IT was with confidence in God, though with a deep sense of the gravity of the situation, -that Mr. Taylor prepared for leaving China when it became evident that home difficulties could not be settled by correspondence. Very little of all he had hoped to do on this visit had been accomplished ; but the mental patient was recovering, and plans for the large new premises in Shanghai, to which" he had been devoting much attention, were finished and in the builder's hands. Mission house, prayer meeting hall, business quarters, and residences for the permanent staff were all to be erected on the site obtained some years previously, and so thoroughly had the details been gone into that Mr. Taylor knew by heart the measurement of every door and window : his interest being only exceeded by thankfulness that the buildings, extensive as they necessarily were, would be no charge upon the funds of the' Mission.

Facing the difficulties that awaited him, Mr. Taylor wrote to a member of the London Council before leaving

Pray that in the reorganisation of our home work we may have much divine guidance, and that the issue of this great trial may be greater blessing all round. " All things work together for good to them that love God " : we all do this and with all our hearts, whatever else we fail in, do we not ? So the issue is sure.

It was in no spirit of self-confidence, however, that he went forward, as may be seen from a letter to Mr. Stevenson when nearing Aden.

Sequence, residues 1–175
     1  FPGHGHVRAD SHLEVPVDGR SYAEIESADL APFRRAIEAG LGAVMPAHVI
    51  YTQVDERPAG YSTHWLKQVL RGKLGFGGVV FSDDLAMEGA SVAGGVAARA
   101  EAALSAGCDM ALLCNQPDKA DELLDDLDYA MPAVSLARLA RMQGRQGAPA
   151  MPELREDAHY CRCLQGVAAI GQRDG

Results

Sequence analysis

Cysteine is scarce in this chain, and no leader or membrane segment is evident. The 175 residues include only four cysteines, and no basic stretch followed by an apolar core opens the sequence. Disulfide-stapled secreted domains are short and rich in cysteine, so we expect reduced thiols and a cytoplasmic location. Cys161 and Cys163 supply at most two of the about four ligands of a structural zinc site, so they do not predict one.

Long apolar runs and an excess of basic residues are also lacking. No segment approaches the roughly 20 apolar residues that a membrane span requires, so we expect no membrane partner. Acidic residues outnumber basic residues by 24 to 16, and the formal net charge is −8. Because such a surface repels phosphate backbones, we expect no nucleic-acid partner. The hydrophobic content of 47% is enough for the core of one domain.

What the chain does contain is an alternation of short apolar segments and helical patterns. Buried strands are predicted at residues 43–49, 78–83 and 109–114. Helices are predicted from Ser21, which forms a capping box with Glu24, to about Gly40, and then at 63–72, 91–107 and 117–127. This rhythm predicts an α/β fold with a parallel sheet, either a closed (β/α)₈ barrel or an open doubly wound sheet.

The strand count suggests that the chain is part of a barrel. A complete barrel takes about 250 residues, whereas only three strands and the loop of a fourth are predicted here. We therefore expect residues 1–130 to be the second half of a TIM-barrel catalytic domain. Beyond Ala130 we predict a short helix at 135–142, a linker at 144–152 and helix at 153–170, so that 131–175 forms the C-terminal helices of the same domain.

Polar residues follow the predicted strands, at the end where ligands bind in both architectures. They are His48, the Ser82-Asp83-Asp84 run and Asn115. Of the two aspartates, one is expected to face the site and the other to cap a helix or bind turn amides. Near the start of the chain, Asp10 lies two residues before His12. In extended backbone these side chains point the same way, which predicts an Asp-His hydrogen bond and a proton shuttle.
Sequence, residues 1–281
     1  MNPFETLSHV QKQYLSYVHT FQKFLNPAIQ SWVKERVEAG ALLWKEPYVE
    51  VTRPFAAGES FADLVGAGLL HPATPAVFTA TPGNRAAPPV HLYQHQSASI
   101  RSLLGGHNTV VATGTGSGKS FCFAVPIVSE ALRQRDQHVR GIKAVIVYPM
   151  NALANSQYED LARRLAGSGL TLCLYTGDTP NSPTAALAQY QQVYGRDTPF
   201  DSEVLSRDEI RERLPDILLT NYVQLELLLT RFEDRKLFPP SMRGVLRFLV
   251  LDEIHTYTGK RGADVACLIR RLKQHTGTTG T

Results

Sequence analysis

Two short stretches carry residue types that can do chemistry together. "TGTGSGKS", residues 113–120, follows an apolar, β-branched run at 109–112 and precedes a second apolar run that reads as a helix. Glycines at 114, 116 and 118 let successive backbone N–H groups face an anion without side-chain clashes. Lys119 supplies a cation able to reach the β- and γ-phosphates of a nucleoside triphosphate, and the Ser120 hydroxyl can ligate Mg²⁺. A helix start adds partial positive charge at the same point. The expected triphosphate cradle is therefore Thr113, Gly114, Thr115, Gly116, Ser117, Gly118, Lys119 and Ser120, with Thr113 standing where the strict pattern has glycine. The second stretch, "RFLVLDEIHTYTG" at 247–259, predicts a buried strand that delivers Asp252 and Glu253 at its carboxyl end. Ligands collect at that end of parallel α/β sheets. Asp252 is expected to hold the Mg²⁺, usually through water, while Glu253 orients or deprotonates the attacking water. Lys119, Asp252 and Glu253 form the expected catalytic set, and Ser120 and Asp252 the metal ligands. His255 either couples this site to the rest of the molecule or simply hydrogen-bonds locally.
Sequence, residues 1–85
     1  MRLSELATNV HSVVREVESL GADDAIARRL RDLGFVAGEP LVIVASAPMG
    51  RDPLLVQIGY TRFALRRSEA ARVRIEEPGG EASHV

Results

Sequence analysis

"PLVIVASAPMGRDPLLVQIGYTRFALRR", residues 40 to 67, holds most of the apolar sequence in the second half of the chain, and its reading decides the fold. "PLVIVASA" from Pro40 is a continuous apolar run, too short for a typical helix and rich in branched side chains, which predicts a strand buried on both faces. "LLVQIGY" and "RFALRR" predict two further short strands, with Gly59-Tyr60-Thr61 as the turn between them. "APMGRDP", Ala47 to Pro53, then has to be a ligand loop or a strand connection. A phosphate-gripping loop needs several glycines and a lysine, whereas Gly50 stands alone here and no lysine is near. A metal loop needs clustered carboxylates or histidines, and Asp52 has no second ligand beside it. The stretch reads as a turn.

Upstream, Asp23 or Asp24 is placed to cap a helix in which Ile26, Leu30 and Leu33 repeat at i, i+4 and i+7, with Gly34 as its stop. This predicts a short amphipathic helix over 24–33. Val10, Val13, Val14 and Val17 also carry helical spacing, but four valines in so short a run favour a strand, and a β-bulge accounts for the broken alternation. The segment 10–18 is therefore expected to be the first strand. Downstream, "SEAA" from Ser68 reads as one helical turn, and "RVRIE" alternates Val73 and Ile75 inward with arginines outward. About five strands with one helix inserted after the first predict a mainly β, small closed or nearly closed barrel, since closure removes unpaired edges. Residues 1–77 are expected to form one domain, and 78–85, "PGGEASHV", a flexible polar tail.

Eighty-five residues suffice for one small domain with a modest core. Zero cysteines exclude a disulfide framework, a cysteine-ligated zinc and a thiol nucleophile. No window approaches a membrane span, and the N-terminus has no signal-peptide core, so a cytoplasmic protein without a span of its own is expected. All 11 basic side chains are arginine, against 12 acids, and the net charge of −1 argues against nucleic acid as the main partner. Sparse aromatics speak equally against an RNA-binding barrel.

It is so solemn to feel that, one may go out ... as Samson did, unconscious that the Lord has left one, to win defeat and captivity and blindness. May the Lord keep me and keep you very near Himself. All our service will be worse than useless without that. The solemnity of our position as the representatives of such blessed truths as we teach makes me tremble. But the Lord will surely, for His own Name's sake, keep us.

The voyage by French Mail, though specially trying, afforded opportunity for waiting upon God. The heat was excessive, and a couple of hundred soldiers taken on board at Saigon did not add to the comfort or quiet of the thirdclass quarters. But the solitary English traveller was living less in outward things than in unseen realities.

" One is lonely in the midst of a crowd on this steamer," he wrote to Mrs. Taylor from the Red Sea (May 9). " There are fewer than usual who understand English . . . If our love makes us long so for the glad day of our reunion, how much more must our Master look forward to the completion of His blood-bought Bride and the day of His espousals! Would that we were all more alive to His longings, more in earnest to do all that in us lies to hasten the day of His desire. One can well understand the glad `shout ' with which He will come to claim His Bride, when His' long patience' is past. Oh, for more likeness to Him, .more of His patience, more fellowship in His sufferings ! My Darling, I am so little like Him ! "

A very real sense of his own insufficiency led Mr. Taylor to rejoice at this time as never before in the wonderful deliverance given to the Apostle Paul, not from but in his infirmities. On the passage, " My grace is sufficient for thee," he had written shortly before leaving China.

When the pressure was greatest and his own weakness most felt, 'the Apostle knew himself to be in the very position to be made an instrument of blessing to many, and to 'be most abundantly sustained himself. . . . And was not this a better answer to Paul's prayers than the mere removing of his " thorn " would have been ? The latter course would live left him open to similar trouble whenever the next distress came ; but God's method at once and for ever delivered him from all oppression of present and future trials. Hence he triumphantly exclaimed `Most gladly will I rather glory (or rejoice) in my weaknesses, that the strength of Christ may overshadow and cover me." .. .